The type of 2-element types

As an application of the previous post on characterizing the identity types of a type, let us show that for a type X which is merely equal to the type \mathbf{2} of booleans, to show that \mathbf{2}={}X it is equivalent to provide a point in X. Intuitively, by giving a point in X, the equivalence is completely determined by mapping 1:\mathbf{2} to that point.

This fact about the type of 2-element types was the starting point of the definition of the real projective spaces, which I did with Ulrik Buchholtz, and we hope to publish this work soon on the arxiv. I place this post in the ‘folklore’ category, because it is basically a rephrasing of known facts, but this is joint work with Ulrik.

Recall that we have a type family (n:\mathbb{N})\mapsto{}\mathbf{n}, where \mathbf{n} is the canonical type with n terms. The type of n-element types is then the subtype U_n:=\Sigma_{(A:U)}~\|A=\mathbf{n}\| of the universe. Note that by the univalence axiom it follows immediately that the loop space \mathbf{n}=\mathbf{n} of the type of n-element types is equivalent to the type \mathbf{n}\simeq{}\mathbf{n}, which is a set that comes with the group structure of the symmetric group \Sigma_n.

So, we already know the loop space of the type of 2-element types: it is \Sigma_2 (and of course it is the same as \mathbb{Z}_2). Nevertheless, by characterizing the type \mathbf{2}=X for any 2-element type X, we get a bit more information, and we shall see as an application at the end that we can establish the type of 2-element types as a certain classifier.

To characterize the identity type \mathbf{2}=X, we have to do three things: (1) we need to give a type family P:U_2\to{}U; (2) we need to give a point x_0:P(\mathbf{2}); and (3) we need to show that the total space of P is contractible. Since we have suggested already that to give an equivalence \mathbf{2}\simeq{}X it is enough to tell where 1:\mathbf{2} is mapped to, we will take P:U_2\to{}U given by P(X):=X. This has the point 1:P(\mathbf{2}). Note that the total space \Sigma_{(X:U_2)}~X of P is just the type of pointed 2-element types! Its contractibility is the following theorem.

Theorem 1. The type of pointed 2-element types is contractible.

Proof. We take (\mathbf{2},1) as the center of contraction. We need to define an identification of type (\mathbf{2},1)=(X,x), for any X:U_{\mathbf{2}} and x:X. Let X:U_{\mathbf{2}} and x:X. It is a standard fact that we have an equivalence of type

\Big((\mathbf{2},1)=(X,x)\Big)\simeq{}\Big(\Sigma_{(e:\mathbf{2}\simeq{}X)}~e(1)=x\Big).

Hence we can complete the proof by constructing a term of type \Sigma_{(e:\mathbf{2}\simeq{}X)}~e(1)=x.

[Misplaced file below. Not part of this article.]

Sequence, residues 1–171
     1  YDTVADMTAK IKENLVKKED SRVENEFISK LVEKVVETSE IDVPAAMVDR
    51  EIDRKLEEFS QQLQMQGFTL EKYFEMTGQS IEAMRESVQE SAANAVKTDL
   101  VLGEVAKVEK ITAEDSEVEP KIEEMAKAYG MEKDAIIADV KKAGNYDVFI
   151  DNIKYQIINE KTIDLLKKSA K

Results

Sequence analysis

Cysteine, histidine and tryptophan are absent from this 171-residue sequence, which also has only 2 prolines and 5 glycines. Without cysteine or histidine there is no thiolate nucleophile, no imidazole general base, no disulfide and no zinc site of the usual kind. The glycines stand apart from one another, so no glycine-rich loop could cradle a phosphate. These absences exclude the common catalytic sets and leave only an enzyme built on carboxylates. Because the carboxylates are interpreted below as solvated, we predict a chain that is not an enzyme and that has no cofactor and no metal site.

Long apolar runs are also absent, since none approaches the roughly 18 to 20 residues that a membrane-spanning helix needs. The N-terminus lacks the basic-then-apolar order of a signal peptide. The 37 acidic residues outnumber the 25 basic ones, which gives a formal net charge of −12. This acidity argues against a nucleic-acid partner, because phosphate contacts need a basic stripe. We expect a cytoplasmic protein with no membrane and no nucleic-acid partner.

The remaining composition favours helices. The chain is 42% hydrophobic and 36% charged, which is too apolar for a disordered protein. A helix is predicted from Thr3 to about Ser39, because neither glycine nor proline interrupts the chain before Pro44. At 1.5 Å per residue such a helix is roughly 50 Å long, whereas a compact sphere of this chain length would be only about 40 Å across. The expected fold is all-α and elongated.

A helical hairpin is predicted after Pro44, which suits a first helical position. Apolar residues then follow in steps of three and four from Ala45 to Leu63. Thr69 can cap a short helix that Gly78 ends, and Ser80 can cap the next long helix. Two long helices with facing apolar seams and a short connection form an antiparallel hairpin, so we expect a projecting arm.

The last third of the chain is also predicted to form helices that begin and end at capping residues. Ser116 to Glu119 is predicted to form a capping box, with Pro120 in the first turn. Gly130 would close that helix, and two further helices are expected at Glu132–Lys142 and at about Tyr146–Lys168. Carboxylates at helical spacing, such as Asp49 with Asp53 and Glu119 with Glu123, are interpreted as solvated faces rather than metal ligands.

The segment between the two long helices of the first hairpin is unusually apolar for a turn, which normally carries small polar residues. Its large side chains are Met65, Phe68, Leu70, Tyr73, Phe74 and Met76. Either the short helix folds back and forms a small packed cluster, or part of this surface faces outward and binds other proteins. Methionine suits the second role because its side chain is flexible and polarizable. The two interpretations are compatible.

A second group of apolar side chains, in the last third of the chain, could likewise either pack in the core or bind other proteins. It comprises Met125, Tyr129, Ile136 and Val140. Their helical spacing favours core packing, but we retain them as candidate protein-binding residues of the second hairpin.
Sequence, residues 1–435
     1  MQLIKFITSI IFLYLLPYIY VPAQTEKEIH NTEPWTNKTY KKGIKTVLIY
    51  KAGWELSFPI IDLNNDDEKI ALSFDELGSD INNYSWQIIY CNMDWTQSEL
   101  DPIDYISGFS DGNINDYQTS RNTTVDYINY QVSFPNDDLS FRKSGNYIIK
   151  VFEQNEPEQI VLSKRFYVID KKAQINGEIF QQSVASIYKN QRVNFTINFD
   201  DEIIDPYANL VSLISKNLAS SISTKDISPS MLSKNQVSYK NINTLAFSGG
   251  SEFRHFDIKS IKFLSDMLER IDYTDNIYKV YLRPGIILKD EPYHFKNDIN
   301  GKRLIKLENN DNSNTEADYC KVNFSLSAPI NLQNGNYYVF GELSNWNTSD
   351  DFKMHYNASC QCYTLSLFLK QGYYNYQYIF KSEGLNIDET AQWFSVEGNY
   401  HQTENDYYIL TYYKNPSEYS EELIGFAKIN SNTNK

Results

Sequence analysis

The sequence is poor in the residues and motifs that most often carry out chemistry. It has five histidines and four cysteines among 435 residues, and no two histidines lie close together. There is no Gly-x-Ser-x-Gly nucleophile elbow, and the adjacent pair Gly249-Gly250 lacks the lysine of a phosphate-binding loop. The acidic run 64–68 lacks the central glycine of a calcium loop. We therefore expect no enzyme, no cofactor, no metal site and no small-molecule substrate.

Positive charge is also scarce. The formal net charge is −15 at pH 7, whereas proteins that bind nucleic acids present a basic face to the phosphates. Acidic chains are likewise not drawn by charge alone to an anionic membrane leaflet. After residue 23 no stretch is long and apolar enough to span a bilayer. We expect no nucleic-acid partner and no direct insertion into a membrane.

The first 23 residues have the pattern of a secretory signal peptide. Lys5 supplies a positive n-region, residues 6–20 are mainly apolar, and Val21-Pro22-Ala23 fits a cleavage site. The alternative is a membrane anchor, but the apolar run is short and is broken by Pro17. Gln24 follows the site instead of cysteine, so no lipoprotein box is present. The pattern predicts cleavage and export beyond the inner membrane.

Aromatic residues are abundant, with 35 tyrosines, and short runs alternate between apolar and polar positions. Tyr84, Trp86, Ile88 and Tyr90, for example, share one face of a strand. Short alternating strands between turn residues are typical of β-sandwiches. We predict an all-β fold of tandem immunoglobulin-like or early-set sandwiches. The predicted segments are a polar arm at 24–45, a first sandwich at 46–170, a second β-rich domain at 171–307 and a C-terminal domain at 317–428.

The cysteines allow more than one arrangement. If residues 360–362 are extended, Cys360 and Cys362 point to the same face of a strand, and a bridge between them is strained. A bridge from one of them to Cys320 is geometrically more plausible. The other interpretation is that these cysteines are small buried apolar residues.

It is time for a little trick. Instead of constructing a term the type in the above type, we will show that this type is contractible. Since being contractible is a mere proposition, this allows us to eliminate the assumption \|\mathbf{2}=X\| into the assumption p:\mathbf{2}=X. Note that the endpoint of p is free. Therefore we eliminate p into \mathsf{refl}(\mathbf{2}). Thus, we see that it suffices to show that the type

\Sigma_{(e:\mathbf{2}\simeq{}\mathbf{2})}~e(1)=x

is contractible for any x:\mathbf{2}. This can be done by case analysis on x:\mathbf{2}. Since we have the equivalence \mathsf{neg}:\mathbf{2}\simeq{}\mathbf{2} which swaps 1 and 0, it follows that \Sigma_{(e:\mathbf{2}\simeq{}\mathbf{2})}~e(1)=1 is contractible if and only if \Sigma_{(e:\mathbf{2}\simeq\mathbf{2})}~e(1)=0 is contractible. Therefore, we only need to show that the type

\Sigma_{(e:\mathbf{2}\simeq{}\mathbf{2})}~e(1)=1

is contractible. For the center of contraction we take (\mathrm{id}_{\mathbf{2}},\mathsf{refl}(1)). It remains to construct a term of type

\Pi_{(e:\mathbf{2}\simeq\mathbf{2}}\Pi_{(p:e(1)=1)}~(e,p)=(\mathrm{id}_{\mathbf{2}},\mathsf{refl}(1)).

Let e:\mathbf{2}\simeq\mathbf{2} and p:e(1)=1. Then we have an equivalence of type

\Big((e,p)=(\mathrm{id}_{\mathbf{2}},\mathsf{refl}(1))\Big)\simeq{}\Big(\Sigma_{(h:e\sim{}\mathrm{id}{\mathbf{2}})}~p=h(1)\Big)

Hence it suffices to construct a term of the type on the right hand side. We define a homotopy h:e\sim{}\mathrm{id}_{\mathbf{2}} by case analysis: we take h(1):= p. To define h(0), note that the type \mathsf{fib}_{e}(0) is contractible. Therefore, we have a center of contraction (x,q):\mathsf{fib}_e(0). Recall that equality on \mathbf{2} is decidable, so we have a term of type (x=1)+(x=0). Since e(1)=1, it follows that x=0. Thus, we get e(0)=0, which we use to define h(0). QED

By the above theorem, we have characterized the identity type of U_2. Let’s summarize the result:

Corollary 2. The canonical fiberwise map of type \Pi_{(X:U_2)}~(\mathbf{2}=X)\to{}X that is determined by mapping \mathsf{refl}_{\mathbf{2}} to 1:\mathbf{2}, is a fiberwise equivalence. 

As an application, we show that the map \mathbf{1}\to U_2 pointing to \mathbf{2} classifies the double covers. By this, we mean the following:

Theorem 3. For any double cover B:A\to{}U_2, the square

20161016_1.png

commutes, and is a pullback.

Proof. Since \mathsf{fib}_f(x):U_{\mathbf{2}} for any x:A, we have corollary 2 a fiberwise equivalence

(\mathsf{2}=\mathsf{fib}_f(x))\simeq{}\mathsf{fib}_f(x).

indexed by x:A. Hence it follows that the induced map of total spaces is an equivalence. Then, it also follows that the diagram

20161016_2

commutes. Since the inner square is a pullback square, it follows that the outer square is a pullback square.

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